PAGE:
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Orca hunting seals off B.C. turns into a ‘once in a lifetime event’ for photographer

Campbell River shore watchers get a rare up-close look at hunting orcas in action

A Campbell River photographer got rare photos of a group of orcas hunting a seal in the waters near the city last week.

On May 30, Sheree Adams was notified over Facebook that there were two orcas swimming north from Shelter Bay. She went to Discovery Pier to try and intercept the whales as they continued north. However, what happened next was beyond her expectations.

“They had taken a dive and had been down for over five minutes when Colleen Wilson, a well-known local photographer with the moniker The Crowtographer, said, ‘I feel like they’re going to surface right beside us,’” Adams said. “We were looking around when we saw this cute little seal watching us about 25 feet off the pier. I had just pointed my camera at it when one of the orca came up from below and hit that poor seal flinging into the air.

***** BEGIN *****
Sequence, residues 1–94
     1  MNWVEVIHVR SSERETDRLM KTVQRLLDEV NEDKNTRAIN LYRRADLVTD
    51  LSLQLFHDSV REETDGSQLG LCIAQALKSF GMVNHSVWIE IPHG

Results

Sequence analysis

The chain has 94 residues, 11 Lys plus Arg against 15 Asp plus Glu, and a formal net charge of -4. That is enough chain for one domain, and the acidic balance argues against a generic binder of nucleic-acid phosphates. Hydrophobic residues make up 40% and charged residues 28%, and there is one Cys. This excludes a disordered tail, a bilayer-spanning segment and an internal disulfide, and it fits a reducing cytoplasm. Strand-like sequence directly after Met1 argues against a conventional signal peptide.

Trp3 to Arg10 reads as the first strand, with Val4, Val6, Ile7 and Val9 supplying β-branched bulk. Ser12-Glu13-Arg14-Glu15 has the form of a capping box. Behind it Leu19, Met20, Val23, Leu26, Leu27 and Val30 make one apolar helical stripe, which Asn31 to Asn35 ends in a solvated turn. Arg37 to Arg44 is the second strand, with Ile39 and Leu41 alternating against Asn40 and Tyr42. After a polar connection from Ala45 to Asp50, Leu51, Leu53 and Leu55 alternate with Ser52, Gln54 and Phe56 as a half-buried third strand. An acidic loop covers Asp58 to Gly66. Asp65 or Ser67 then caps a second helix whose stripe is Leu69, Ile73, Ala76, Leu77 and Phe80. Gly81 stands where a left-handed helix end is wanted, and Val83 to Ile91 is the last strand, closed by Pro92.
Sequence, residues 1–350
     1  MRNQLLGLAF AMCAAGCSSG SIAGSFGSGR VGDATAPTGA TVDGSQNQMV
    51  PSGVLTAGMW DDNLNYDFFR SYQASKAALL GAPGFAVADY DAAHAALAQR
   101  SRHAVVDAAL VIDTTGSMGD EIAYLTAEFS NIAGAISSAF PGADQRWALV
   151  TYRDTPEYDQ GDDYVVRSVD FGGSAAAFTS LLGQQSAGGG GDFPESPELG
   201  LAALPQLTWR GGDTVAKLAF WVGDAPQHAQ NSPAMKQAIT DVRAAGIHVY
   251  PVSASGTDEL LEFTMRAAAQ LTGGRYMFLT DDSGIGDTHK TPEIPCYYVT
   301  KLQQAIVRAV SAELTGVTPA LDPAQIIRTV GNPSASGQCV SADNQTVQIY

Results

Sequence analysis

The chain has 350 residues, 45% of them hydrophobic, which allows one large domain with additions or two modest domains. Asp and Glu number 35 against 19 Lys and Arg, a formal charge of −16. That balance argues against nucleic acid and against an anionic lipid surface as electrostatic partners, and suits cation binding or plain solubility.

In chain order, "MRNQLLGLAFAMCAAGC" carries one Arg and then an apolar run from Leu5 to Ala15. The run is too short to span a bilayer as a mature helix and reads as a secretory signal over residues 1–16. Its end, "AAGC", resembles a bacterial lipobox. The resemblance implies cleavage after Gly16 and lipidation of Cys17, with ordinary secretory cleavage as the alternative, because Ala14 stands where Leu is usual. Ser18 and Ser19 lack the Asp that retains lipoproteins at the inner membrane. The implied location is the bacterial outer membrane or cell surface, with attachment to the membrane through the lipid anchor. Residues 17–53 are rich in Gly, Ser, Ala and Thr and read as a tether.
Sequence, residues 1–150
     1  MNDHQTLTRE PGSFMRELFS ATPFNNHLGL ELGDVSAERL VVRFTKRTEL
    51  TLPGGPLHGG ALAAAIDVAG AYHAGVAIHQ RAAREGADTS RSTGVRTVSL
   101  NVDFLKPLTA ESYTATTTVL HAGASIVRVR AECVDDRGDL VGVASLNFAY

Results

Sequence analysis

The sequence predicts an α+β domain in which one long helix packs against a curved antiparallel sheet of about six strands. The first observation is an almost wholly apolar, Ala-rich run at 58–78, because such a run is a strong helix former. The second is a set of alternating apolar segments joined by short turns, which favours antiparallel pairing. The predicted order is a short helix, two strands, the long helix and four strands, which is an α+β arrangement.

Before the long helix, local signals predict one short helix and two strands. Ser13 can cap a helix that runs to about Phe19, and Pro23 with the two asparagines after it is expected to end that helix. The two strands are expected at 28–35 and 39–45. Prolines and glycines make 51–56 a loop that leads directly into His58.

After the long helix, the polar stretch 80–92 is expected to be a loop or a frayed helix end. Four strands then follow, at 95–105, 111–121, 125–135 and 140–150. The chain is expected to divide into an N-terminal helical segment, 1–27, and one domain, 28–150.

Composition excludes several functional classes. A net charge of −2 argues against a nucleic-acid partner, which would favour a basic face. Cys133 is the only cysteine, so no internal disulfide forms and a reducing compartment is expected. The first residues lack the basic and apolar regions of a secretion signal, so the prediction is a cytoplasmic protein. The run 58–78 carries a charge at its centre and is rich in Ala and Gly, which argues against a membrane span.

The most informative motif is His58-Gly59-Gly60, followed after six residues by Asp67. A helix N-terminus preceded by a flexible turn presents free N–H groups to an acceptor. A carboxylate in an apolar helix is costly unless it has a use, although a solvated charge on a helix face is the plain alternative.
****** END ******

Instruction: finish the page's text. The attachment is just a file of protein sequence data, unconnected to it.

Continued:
“I was able to get a few shots of it after it was hit but as soon as it hit the water it was grabbed by one of the orca and that was it for the seal,” Adams said. “The sound of that orca exploding at the surface with such speed and power is something none of us will ever forget.”

Also at the pier was a man who was thinking of moving to Campbell River, and who was just visiting the city to see if he liked it.

“I told him I had only been here for two years, all during COVID, so I didn’t really know too much about Campbell River myself but that I enjoyed all the wildlife that I had been able to see - whales, dolphins, eagles, bears, etc,” she said. “I had been on the pier about a year ago when a pod of Orca swim right underneath and that’s what had inspired me to start taking photos.

“Little did we know that we were about to see a once in a lifetime event.”

Adams said that the Comox Valley Wildlife Sightings Facebook page has been very helpful for wildlife fans like her.

“It’s a rare occurrence to have been so close to a hunt and to have been able to capture that moment,” she said.

“It’s an invaluable service for those that love to see and share the nature of this amazing place we call home.”

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Marc Kitteringham

About the Author: Marc Kitteringham

I joined Black press in early 2020, writing about the environment, housing, local government and more.
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